Mechanic #194 - Astronaut Tacitcs|
|Posted: Feb 6, 2014|
Move in 3-dimensional space only in relation to other objects within it.
This is a really simple idea - more of a mechanic than a full game premise. I was thinking about moving in three dimensional space, and the complexities of translating that into a point and click movement system for a tactical game. It's easy to move all you want if you are in direct control of something, but it becomes an interface nightmare to reference random positions in 3D space. I realized that this was because you are referencing it based on a fixed point in 3D space.
My initial thought was that motion could be referenced based on the objects within the 3D space, and it becomes much easier. If you want to move towards something, you already have a direction, you just need to input the magnitude.
Fig 194.1 - Astronauts, as usual, fighting to the death.
This is an idea where astronauts battle it out, tactics style, in 3D space (though my example is 2D). Their movement is relative to each other. You click on another astronaut and that other object becomes your anchor. You can then either move a certain distance towards, or away from that anchor. You can, for example, move 2 spots towards the blue astronaut, then change anchor to the red one, and move 2 more spots towards him.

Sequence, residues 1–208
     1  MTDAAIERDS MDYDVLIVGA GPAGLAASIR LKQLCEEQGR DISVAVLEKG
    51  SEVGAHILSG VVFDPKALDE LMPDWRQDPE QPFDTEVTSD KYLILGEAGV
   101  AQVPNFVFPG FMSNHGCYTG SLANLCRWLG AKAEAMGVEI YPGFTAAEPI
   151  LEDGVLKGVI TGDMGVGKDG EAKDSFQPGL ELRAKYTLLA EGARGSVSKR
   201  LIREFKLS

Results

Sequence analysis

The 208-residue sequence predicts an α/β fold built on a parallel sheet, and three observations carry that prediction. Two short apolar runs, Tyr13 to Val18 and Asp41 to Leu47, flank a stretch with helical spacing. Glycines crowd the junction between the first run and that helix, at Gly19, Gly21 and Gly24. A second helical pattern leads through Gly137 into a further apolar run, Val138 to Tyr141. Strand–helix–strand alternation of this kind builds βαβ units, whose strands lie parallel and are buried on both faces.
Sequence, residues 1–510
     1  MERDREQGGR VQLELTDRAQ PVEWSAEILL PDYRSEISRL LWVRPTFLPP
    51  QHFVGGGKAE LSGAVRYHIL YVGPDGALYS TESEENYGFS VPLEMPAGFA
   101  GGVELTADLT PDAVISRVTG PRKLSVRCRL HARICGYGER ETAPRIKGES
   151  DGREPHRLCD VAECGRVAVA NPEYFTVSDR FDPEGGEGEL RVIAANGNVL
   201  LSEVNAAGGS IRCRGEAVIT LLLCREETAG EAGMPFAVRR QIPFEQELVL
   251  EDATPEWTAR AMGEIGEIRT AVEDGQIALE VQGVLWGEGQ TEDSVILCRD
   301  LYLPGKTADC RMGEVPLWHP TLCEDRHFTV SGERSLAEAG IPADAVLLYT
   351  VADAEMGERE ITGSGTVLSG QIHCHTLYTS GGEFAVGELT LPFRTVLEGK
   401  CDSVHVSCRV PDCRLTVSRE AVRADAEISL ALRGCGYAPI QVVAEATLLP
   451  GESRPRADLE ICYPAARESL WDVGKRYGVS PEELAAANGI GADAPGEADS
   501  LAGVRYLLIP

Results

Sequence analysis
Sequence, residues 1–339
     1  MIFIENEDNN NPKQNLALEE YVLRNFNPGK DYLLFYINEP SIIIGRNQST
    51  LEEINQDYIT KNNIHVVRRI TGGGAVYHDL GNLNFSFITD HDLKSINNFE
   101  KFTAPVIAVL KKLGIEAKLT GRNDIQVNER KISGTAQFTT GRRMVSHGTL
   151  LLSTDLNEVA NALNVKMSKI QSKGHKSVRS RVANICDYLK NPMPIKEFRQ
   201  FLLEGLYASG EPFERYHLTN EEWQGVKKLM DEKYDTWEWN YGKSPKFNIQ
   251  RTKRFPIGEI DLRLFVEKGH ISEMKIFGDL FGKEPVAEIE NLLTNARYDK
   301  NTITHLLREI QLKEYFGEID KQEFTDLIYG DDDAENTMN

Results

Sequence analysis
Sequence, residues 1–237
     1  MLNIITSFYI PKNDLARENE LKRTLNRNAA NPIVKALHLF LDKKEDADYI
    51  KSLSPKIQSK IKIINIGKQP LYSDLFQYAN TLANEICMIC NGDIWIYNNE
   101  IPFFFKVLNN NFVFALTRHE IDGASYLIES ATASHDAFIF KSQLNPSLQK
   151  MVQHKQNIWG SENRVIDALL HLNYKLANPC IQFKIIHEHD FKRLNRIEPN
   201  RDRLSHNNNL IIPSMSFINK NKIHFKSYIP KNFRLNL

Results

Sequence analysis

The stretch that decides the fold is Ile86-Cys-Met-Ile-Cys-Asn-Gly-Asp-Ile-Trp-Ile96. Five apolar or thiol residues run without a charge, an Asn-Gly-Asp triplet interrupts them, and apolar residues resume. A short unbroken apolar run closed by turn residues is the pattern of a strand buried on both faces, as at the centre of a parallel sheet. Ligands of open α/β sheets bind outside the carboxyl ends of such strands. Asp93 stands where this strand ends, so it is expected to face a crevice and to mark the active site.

Fig 194.2 - Multiple anchors.
It is possible to select multiple anchors, with the resulting path being averaged between them. This allows you to move between two objects. This gives a unit a little more maneuverability without complicating the process too much.
Fig 194.3 - Space Debris.
This creates a novel movement system that is relatively easy to digest in 3D, but eventually, you'll end up with two astronauts left, and they can only move linearly towards or away from each other. To combat this, the astronauts have a limited ability to fire out debris, which they can then use as movement anchors. This is fired out away from the unit, perpendicular to the anchor. The debris will fire in all directions, creating a circle of debris around the astronaut.